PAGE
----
Still from Dateline NBC, October 1998.
Dr. Bennett Braun, a founding President of the International Society for the Study of Trauma and Dissociation (ISSTD), is facing his twelfth lawsuit.
The following information about Braun and the ISSTD is essential context for reporters, observers, and patients:
- In 1984, Braun and seven colleagues co-founded the International Society for the Study of Multiple Personality and Dissociation. It became the International Society for the Study of Dissociation in 1994 before changing to its current name in 2006. Since its founding, and to this very day, the ISSTD has been a hub for mental health practitioners who propagate the debunked conspiracy theory of Satanic ritual abuse, which sparked the shameful era known as the “Satanic Panic” in the 80s and 90s. Evidence that the ISSTD is the last refuge for proponents of this dangerous conspiracy theory is overwhelming, and includes the fact that at least half of the co-founders of the ISSTD have, in one way or another, promoted it.
- In 1986, 29-year-old Patricia Burgus checked into Braun’s psychiatric unit at Rush–Presbyterian–St. Luke’s Medical Center in Chicago. Under Braun’s care, Burgus began to “recover” memories of Satanic ritual abuse. She later sued, winning a $10.6 million settlement. As an article in Chicago reported,
Pat Burgus thought she would soon be healed when psychiatrist Bennett Braun began treating her for multiple personality disorder. Instead, under hypnosis and on heavy medication, Burgus came to believe she possessed 300 personalities, ate human flesh, and sexually abused her two sons. Later, convinced Braun helped manufacture those memories, she sued. Now, even after receiving a $10.6-million settlement, she won’t let up in her crusade against the man whose treatment, she says, nearly destroyed her.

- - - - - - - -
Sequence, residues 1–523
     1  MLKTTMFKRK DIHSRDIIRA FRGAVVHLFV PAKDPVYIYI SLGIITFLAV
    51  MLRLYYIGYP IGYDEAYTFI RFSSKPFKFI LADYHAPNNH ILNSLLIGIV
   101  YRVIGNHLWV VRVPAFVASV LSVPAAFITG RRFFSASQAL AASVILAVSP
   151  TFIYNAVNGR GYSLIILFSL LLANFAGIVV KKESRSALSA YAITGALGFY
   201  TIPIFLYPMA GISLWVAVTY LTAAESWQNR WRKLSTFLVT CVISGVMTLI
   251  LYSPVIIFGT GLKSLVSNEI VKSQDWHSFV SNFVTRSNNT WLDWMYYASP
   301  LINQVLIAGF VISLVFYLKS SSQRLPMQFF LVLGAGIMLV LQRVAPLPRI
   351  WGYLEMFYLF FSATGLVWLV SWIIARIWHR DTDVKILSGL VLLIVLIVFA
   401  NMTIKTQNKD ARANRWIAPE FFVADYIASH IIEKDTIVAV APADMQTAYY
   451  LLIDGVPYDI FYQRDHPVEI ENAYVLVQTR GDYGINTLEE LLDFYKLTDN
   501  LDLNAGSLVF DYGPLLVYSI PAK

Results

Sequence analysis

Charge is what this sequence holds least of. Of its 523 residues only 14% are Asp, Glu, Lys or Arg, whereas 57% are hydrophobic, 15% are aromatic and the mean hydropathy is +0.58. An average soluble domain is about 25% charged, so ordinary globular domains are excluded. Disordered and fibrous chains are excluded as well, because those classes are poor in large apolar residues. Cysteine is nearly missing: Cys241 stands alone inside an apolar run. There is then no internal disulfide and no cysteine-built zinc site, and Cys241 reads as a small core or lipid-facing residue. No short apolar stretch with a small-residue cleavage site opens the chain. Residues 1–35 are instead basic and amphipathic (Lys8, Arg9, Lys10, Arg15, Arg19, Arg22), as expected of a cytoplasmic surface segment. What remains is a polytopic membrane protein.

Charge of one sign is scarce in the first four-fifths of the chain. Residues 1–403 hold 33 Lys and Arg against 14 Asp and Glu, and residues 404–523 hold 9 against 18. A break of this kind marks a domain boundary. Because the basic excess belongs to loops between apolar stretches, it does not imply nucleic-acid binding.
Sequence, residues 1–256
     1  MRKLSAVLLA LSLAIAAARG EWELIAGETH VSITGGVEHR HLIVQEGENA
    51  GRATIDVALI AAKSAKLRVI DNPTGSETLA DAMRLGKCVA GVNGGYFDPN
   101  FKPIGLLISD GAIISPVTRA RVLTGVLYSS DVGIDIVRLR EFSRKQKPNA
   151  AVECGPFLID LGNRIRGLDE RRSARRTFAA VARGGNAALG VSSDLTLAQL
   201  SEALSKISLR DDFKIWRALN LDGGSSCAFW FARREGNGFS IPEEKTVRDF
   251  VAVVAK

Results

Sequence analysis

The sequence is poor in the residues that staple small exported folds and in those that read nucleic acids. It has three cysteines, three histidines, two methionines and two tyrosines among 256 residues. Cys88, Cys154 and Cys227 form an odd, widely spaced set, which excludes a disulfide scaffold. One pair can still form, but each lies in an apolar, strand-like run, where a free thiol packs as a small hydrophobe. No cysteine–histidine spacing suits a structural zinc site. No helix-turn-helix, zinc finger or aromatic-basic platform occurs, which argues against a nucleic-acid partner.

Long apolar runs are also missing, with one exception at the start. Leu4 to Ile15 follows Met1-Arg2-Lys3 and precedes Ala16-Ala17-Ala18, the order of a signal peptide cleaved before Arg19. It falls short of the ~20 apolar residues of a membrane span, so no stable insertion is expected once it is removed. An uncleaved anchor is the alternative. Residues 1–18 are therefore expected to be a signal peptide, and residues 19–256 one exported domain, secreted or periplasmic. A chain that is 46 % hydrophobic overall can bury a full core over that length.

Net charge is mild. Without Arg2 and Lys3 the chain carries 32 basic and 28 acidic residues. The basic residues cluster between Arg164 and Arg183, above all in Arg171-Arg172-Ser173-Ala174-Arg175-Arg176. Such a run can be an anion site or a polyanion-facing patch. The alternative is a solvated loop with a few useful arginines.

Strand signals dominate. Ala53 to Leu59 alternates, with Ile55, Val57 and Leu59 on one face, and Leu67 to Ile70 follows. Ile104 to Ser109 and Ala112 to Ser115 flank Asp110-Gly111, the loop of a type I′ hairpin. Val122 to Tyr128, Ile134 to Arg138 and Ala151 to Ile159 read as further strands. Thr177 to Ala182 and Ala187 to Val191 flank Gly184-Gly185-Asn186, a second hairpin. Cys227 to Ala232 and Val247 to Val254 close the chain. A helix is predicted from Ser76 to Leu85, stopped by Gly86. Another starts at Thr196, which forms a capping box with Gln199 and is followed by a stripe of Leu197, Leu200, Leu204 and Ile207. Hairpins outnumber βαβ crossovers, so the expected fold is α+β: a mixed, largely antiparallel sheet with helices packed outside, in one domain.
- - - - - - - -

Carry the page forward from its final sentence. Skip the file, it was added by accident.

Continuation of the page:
In an utter failure of oversight, Braun’s licensing board suspended his license for just two years. Braun later moved to Butte, Montana, where he was able to obtain a license and set up a new practice. More coverage of the Burgus case can found in the Dateline piece here.
- According to In-Sight, Elizabeth Gale entered therapy with Braun in 1986 for mild depression and then was made to believe that she had MPD, and was active in an intergenerational satanic cult. She was also made to believe that she had bred babies for the Satanists, who were sacrificed after birth. With the approval of Bennett Braun, she went through a tubal ligation at age 31, so that she would no longer harm children. In 2004, Bennett Braun and his colleague, the psychologist Roberta Sachs, and Dr. D. Corydon Hammond paid Elizabeth Gale $7.5 million to settle her claim that they persuaded her into believing she needed to be sterilized so she would have any more babies to be sacrificed to Satan. In reality, Elizabeth Gale never gave birth to any babies, and never will. Another judgment against Braun was for $10.5 million.
In 2015, Gale spoke out about her abuse at the hands of Braun.
- In 1989, Braun, along with other prominent ISSTD members, including Richard Kluft, D. Corydon Hammond and Roberta Sachs, participated in the production of an audio tape that purports to present a “professional overview” of “ritual child abuse.” A partial transcript of the tape can be found here.
- Appeared in the infamous 1988 episode of "The Geraldo Rivera Show" titled Devil Worship: Exposing Satan's Underground, a so-called documentary for which Rivera himself eventually apologized.
- In the course of his investigation into allegations of Satanic ritual abuse for the FBI, Supervisory Special Agent Kenneth V. Lanning visited Braun’s dissociative disorders clinic. Although Braun had been public about his claims that his patients suffered abuse at the hand of Satanic cults, Lanning’s investigation concluded in his 1992 report that no such Satanic cults exist.